Dusty has a home!
Kim & Bear
The good boy, estimated to be two years old, came home with kennel cough and a prescription to heal it, so he'll be better soon.  

Then he'll get to meet his new brother, 9-year-old Bear, also a rescued dog. 

Happy Mom's Day!


Happy Mothering at Alpha House

Tonja Brickhouse and mother Mary Holmes-Graves
Decades ago an unwed, pregnant teen was sent out of the state to have her child and then forced to give the baby up for adoption. Upon her return home, the childless mother "Cried and cried. She was unable to get over it," said Tonja Brickhouse, vice president of the 
Alpha House's Board of Directors. 

Tampa's Alpha House was started in 1981 to provide "safe housing, education and counseling, parenting and life skills training, vocational assistance, and spiritual support to pregnant or parenting women," according to its website. 

Brickhouse was speaking at their annual fundraiser, the New Lives Breakfast, held Friday morning. 400 hundred community members gathered in support.  
Executive Director Pat Langford with donor Machelle Maner 
Though the Alpha House is celebrating its 30th anniversary, Executive Director Pat Langford said the organization is still working on becoming a household name. "We're the only licensed maternal home in Hillsborough County," she said. "We're not a shelter, but a program." 

The Alpha House takes in homeless pregnant women and mothers, including girls under 18 in foster care who often have their children taken away from them and placed into another foster home. "We're the support, guidance and structure missing from their lives," said Langford. 

Brickhouse, a retired U.S. Air Force colonel and current public servant, said the teen's aunt felt her deep sorrow and went against the wishes of her parents to support her. She successfully helped her niece get the child back before the adoption process was finalized. That teen was Brickhouse's mother.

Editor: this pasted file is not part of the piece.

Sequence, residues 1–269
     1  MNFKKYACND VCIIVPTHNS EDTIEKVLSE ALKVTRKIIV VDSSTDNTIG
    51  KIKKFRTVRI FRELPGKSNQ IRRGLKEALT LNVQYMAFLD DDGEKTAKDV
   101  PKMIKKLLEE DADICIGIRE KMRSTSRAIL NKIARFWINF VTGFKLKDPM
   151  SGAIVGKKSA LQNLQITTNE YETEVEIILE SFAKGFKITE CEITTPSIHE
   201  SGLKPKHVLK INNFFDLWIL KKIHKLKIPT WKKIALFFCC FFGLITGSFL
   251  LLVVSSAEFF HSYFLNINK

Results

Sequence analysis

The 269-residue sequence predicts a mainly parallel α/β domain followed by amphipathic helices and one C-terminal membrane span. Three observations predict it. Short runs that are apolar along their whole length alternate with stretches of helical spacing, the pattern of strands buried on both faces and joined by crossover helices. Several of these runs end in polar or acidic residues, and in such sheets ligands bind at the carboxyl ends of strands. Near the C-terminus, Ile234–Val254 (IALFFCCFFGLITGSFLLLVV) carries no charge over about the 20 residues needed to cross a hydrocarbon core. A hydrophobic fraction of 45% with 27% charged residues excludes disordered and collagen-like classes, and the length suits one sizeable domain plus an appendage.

Alpha's first E.D. Sister Rosalie Hennessey

In 2010, Alpha House took in 110 women but had to turn away 100 more, because, according to Langford, "Some weren't interested in being helped. Some are on the waiting list." 

Currently the Alpha House provides safe housing and services for 39 women and their children. 
Loren Craig, a victim of domestic violence, is one of them. She's lived at the Alpha House for a year and a half with her son Reid, and shared their story during the New Lives Breakfast. 

Unable to support herself during and after her pregnancy, she left for good when her partner's abuse didn't stop. "I became homeless in 15 seconds," Craig said. 

Craig recently graduated from an administrative assistance program at Brewster Tech, and is working and saving for her own apartment. 

To learn more, visit their semimonthly Lunch & Learn sessions, or visit their website to find other ways you can help


Shrek the Musical

Some of you may remember that I work a couple of times a year as an audio describer at the Straz Center, where I basically do a live play-by-play of Broadway musicals for patrons with visual impairments. Gone are the days when they needed someone to whisper in their ear about what was happening onstage.

I'm not normally a cheerleader for pop culture but I loved Shrek the Musical. The big, lime green ogre shows us the consequences of judging a book by its cover, and teaches us to accept ourselves for who we are not what we aspire to be, and that "beautiful ain't always pretty."

I watched the show last night and took notes, and during Saturday's matinee I'll be part of the two-woman audio description team working the show.



Amy Royale is a slim, artsy 26-year-old senior at the University of South Florida. When she wears cutoffs you can see the lissome lines of her most recent tattoo billowing over her right calf and shin.

"I look like I have a normal, thin body," she said. "You can't tell with my clothes on." 

So to tell her story she bares all. A double major in psychology and studio art for photography, this week Amy has her first solo show revealing the truth as she knows it: from the perspective of a formerly morbidly obese young woman who felt like she never fit into this world.  

"I used to be so heavy, I couldn't ride roller coasters or fit in booths at restaurants."

Nearly 300 pounds before weight loss surgery, now all that remains from her heavier days is the skin that used to hold all of her in. 

Not only did people look at her differently when she was obese, but Amy said they now look at her differently when they find out she was formerly obese. 

"I felt bad about making myself better," she said, explaining that her art stemmed out of wanting to confront those who would judge her. "This is my body, and it may not be ideal." 

She described the project as very therapeutic.  "My confidence has changed," Amy said, "but mostly because of the work." 

She's also changing her eating habits, though she says it's difficult because she has always been a picky eater. But she wants to travel and be open to trying all kinds of ethnic foods, so her real work continues. 

Her show, however, is up for one week only. Visit USF's Centre Gallery (MSC 2700) from 10 a.m. to 5 p.m. on Monday - Friday. 

And meet the artist at the closing reception Friday, May 6 from 7:00 p.m. - 9:00 p.m.